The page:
Check out what the CCC Projects have been up to!

Gramine

Following the first production-ready release “v1.0”, The Gramine Project is releasing “v1.1” in upcoming weeks. One highlight of this release is stability improvements for Golang and Rust workloads. Another prominent feature of the release is support for the musl C standard library – now Gramine allows users to choose between glibc and musl, depending on users’ requirements on the binary size (TCB), as musl is more light-weight than glibc. Also, AddressSanitizer was integrated in Gramine, and it runs in the CI on each change, for detecting any security issues ahead of code merge. This version adds several other features as well as multiple bug fixes (thanks to our ever-increasing user base for reporting issues!).

While there are several use cases under development, we would like to highlight the production release of the OpenVino Security Add-on (OVSA) for Model IP protection (consider using it for your protected ML workloads). Please reach out to the Gramine team if you are experimenting with Gramine and would like to be added to the list of “Users of Gramine

Enarx

In Enarx’s first release “version .0.1.0” (codenamed Alamo) we provided WebAssembly as a runtime. For our upcoming release “version 0.2.0” this coming quarter we are looking forward to providing support for attestation, including Intel’s SGX and AMD’s SEV.

Other areas where we are working on are support for filesystem and networking, which depend on upstream collaboration with the WebAssembly community.

Enarx is under high development and is not production ready yet, but our hope is that these initial releases will allow developers to experiment with Enarx and see its progress.

If you are interested in learning more about the Enarx project, please access our website, star us on GitHub, and join our chat.

Gramine 1.0 release

By Blog

Announcing Gramine production ready release!

Having recently joined the Confidential Computing Consortium in the Linux Foundation, The Gramine Project (formerly known as Graphene) is proud to announce the first production-ready version to enable protecting sensitive workloads with Intel® Software Guard Extensions (Intel® SGX).

The project started as a research prototype at Stony Brook University in 2011, and the first open-source version was published in 2014, followed by the Intel® SGX port in 2017 in collaboration with Intel Labs. In December 2018, Golem and ITL joined the project, forming the core of the open source community around the project, including a first release.  The Gramine community has subsequently grown into a diverse group of contributors, from universities, small and large companies, as well as individuals.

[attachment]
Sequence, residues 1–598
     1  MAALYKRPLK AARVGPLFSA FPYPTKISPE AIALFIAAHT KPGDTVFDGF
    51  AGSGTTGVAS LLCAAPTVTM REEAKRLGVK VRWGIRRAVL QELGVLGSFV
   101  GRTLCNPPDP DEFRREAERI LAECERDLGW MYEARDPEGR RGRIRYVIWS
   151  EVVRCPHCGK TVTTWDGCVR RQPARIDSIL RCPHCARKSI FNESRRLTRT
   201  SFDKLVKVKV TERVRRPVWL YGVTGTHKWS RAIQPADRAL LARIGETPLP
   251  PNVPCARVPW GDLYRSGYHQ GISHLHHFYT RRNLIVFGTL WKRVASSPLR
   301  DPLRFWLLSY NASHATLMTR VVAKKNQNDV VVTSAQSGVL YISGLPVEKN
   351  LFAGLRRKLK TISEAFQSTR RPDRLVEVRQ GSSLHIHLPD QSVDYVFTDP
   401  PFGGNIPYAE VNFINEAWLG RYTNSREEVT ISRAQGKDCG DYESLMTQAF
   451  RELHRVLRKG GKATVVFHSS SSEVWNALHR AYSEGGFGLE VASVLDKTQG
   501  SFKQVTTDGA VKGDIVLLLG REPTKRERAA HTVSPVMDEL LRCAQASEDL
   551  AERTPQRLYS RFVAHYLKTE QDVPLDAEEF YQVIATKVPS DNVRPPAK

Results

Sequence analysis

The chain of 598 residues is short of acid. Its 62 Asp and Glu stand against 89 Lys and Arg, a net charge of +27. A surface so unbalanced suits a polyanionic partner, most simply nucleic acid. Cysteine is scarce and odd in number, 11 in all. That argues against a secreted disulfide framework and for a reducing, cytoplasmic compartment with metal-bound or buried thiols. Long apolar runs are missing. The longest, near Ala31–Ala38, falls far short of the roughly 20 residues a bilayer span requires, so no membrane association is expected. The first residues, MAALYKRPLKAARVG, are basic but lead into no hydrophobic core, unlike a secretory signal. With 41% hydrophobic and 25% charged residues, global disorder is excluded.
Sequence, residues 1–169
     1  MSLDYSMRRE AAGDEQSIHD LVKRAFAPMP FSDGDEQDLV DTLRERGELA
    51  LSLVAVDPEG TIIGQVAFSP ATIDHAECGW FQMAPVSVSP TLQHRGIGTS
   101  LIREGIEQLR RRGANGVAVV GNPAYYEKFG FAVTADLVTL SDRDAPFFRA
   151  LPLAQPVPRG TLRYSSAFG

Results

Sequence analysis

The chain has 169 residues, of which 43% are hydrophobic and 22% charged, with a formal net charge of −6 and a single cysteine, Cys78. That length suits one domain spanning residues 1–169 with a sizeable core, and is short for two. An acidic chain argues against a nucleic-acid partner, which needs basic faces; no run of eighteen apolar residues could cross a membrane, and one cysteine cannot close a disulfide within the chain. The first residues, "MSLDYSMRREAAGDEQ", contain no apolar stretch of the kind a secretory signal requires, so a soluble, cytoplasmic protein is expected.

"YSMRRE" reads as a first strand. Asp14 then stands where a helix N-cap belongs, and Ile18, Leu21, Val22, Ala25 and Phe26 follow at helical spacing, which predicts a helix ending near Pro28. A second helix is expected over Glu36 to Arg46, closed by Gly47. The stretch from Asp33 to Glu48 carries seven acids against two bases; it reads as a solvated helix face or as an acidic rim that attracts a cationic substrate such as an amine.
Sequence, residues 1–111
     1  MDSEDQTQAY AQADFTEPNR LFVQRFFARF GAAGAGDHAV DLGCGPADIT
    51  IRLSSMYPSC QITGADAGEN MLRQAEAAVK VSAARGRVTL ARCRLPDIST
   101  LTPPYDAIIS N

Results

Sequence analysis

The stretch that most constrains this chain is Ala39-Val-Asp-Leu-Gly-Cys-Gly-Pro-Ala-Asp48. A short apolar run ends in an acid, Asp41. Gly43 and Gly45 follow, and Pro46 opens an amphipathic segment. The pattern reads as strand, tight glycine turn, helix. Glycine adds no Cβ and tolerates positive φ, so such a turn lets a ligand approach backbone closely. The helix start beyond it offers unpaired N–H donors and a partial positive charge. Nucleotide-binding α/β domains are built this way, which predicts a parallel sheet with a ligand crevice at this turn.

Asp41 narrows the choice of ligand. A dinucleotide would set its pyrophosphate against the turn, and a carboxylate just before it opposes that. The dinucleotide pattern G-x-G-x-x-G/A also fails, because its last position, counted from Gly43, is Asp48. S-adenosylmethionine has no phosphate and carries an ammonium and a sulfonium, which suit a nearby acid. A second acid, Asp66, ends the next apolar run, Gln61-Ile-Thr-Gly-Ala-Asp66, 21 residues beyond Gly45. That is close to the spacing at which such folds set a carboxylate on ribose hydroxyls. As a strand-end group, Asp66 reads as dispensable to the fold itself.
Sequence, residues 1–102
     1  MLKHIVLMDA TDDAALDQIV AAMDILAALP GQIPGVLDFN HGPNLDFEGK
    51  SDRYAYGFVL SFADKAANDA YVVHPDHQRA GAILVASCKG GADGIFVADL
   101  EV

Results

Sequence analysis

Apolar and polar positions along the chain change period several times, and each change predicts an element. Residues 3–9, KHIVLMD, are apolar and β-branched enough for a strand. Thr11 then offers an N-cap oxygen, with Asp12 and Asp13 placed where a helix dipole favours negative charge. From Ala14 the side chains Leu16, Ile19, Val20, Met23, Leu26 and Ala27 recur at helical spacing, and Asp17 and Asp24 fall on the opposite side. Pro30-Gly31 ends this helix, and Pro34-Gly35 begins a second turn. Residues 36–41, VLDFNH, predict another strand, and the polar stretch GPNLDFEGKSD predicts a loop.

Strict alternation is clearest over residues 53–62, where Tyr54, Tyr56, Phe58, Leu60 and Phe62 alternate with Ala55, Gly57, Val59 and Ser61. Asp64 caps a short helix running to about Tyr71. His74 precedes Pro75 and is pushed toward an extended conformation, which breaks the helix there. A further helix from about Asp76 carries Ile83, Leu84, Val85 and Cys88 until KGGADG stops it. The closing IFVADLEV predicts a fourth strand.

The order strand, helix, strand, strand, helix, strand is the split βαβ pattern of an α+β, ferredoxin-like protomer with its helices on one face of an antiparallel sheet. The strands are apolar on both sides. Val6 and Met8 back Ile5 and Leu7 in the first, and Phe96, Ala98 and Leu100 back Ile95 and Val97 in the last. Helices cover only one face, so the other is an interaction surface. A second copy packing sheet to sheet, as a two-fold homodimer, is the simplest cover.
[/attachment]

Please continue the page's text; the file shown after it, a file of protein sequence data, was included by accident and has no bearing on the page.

Gramine not only runs Linux applications on Intel® SGX out of the box, but also provides several tools and infrastructure components for a push-button lift-and-shift paradigm for running unmodified applications on confidential computing platforms based on  Intel® SGX. Gramine supports both local and remote Intel® SGX attestation, and with both EPID and DCAP schemes. With the protected files feature, security-critical files are automatically encrypted and decrypted inside the enclave. Gramine supports several performance optimizations for Intel® SGX applications including asynchronous system calls. Gramine is one of the few frameworks that supports multi-process applications by providing a complete and secure fork implementation. Gramine supports Docker integration via a tool called Gramine Shielded Containers (GSC) that automatically converts Docker images to Gramine images.  Containers built with GSC can be deployed via Kubernetes for confidential containers and microservices.  Gramine also supports cloud deployment with Azure Confidential VMs and integrates with Azure Kubernetes Services in Azure cloud.

Since our last release, there have been major changes in the code with 1272 files changed, 100637 insertions, 112144 deletions, 1648 commits from 49 authors. This includes a major rewrite of the code that handles features including memory management, thread handling, process handling, filesystem and signal handling. You can find the detailed changelog at our github.  In future, we plan to continue Gramine development with additional features, code cleanup, tooling, and documentation. We also plan to add generic support for I/O device communication as well as add additional Platform Adaptation Layers (PAL) for other TEEs like Intel® TDX.

Gramine has a growing set of well-tested applications including machine learning frameworks, databases, web servers, and programming language runtimes and there are several projects that are already experimenting with Gramine for developing their solutions to protect data in use. We expect that Gramine 1.0 will bring many of those solutions to production. We look forward to your feedback as you deploy this latest version of Gramine for your confidential computing solutions with lift-and-shift capability.

For more information on the release please check out: https://github.com/gramineproject/gramine/releases/tag/v1.0

We invite you to join the Gramine community and contribute to adoption of  confidential computing through open source collaboration.

The Confidential Computing Consortium Year in Review, 2021

By Blog

We are just finishing the second year of the Confidential Computing Consortium, and it is time once again to look back on what the members have accomplished together.